Formed some 81 years ago back in 1936, the club was actually known as Stakhanovets back then, they were competitive from the very outset as they consistently challenged at the top of, what was then, Soviet football. We’ll fast forward through history to take a look at their more recent form which has actually been fairly patchy by their standards and, indeed, last season was their first title win since 2013-14 (I know, shocker).
Nonetheless last season was an absolute romping in both the “Regular season” and “Championship round”, easily dispatching the advances of Dynamo Kyiv and Zorya Luhansk, mathematically their closest rivals, who finished a distant 13 and 26 points behind, respectively. What was probably more notable was that the feat was done with essentially the same squad from the past 2-3 years minus their star players of old in Alex Teixeira and Eduardo so, arguably, a weaker squad but a far greater yield in performance.
The cog that completed the wheel was made in South America, Argentina and Brazil to be precise, with Facundo Ferreyra finally finding his feet after 3 slow years at the club (and one shambolic loan spell with Newcastle United) alongside the Brazilian contingent of the club, Taison, Bernard, Marlos and Dentinho proving to be a potent combination as between the 5 of them (3 midfielders, Dentinho and Ferreyra being strikers) grabbing 46 goals out of the 66 Shakhtar scored all season.
Evidently their strength is attacking play which is fortunate, to say the least, as the man in charge (Paulo Fonseca) has consistently proven himself to be a motivated, passionate, forward-focused manager – despite his professional career as a defender – and has averaged 2.16 goals per game with Shakhtar, 1.65 with Pacos Ferreira and 1.86 with Porto. Having ben in the managerial game for 12 years, starting off with Estrela Amadora, Fonseca is an old head on refreshingly young shoulders.
Recruitment over the course of summer has largely been focussed on retaining the strength of the squad with key new contracts awarded to Darijo Srna, Serhiy Kryvtsov, Taras Stepanenko and Yaroslav Volodymyrovych (among others) serving as a fierce signal of intent for domestic dominance, once again, and a significant European challenge.
And on that European theme we don’t have to look back too far for exceptional runs of form to spring off the paper – in 2015-16 they negotiated Schalke, Anderlecht, Braga to reach the Semi Final of the Europa League (losing to eventual winners Sevilla) and in 2008-09 they went all the way and lifted the Europa League after defeating Tottenham, CSKA, Marseille and Dynamo Kyiv in the knockout stages before triumphing 2-1 against Werder Bremen in the final.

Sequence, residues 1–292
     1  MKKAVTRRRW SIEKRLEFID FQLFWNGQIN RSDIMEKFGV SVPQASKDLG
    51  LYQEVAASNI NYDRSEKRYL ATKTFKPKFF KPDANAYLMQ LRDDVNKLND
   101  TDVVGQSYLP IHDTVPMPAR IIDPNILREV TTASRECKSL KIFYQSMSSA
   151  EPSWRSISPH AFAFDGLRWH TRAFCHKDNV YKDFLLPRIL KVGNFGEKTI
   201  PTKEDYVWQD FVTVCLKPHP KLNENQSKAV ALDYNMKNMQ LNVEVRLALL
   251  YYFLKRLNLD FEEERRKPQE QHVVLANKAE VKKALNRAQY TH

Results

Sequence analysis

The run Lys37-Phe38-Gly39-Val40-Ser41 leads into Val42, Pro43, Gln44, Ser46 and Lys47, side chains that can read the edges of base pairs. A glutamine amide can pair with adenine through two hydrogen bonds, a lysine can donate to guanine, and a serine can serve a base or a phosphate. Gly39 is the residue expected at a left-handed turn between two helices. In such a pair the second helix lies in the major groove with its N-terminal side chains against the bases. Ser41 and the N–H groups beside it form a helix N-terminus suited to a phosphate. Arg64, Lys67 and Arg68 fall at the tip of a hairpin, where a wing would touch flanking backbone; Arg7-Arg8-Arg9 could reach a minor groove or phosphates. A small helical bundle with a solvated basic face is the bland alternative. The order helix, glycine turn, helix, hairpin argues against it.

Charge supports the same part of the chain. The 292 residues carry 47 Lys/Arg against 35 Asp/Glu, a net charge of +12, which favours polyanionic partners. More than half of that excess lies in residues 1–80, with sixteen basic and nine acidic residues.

As we all know, however, the Europa League is a different kettle of fish to the Champions League and since the 2000-01 edition, Donetsk have only got further than the group stages on 3 occasions; last season they lost to Young Boys, of Switzerland, in the 3rd qualifying round which caused a level of discomfort among fans.
Nonetheless this season they find themselves in Group F pitted against Manchester City, Napoli and Feyenoord and will need to replicate the sort of form that took them to that famed final in Istanbul, 2009. Based on domestic form it is perfectly reasonable to expect them to be able to surmount a challenge to the, undisputable, group favourites for progression in City and Napoli.
With 7 games played so far in the Ukrainian Premier League, Shakhtar find themselves sitting pretty atop the table with 6 handsome wins and 14 goals scored – their sole loss came against their closest rivals for the title, Dynamo Kyiv, courtesy of a 48th minute strike from Dieumerci Mbokani who you may remember from his time at Norwich City and Hull City over the past couple of years. Their away form is perplexingly solid, as well, 4 wins from 4 this season compliment their undefeated away record last season to perfection and is a wonderful testament to their ability to piece together result after result in order to reap rich rewards.
Can Shakthar spring a surprise, then, and advance into the knockout stages – we’ll just have to wait and see.
That brings us to the end of the Outside of the Boot 2017-18 UEFA Champions League Hipster Guide, I certainly hope you enjoyed it and learnt a thing or two – don’t forget to come back for the UEFA Europa League version in a few days’ time where we’ll provided you with all the key facts and stats on 10 clubs from Europe, a few of which you’ll never have heard of before.
All that’s left for me to say is, wherever you are, whoever you support, enjoy this season’s UEFA Champions League because it looks set to be a belter. *CUE UEFA Champions League Anthem*.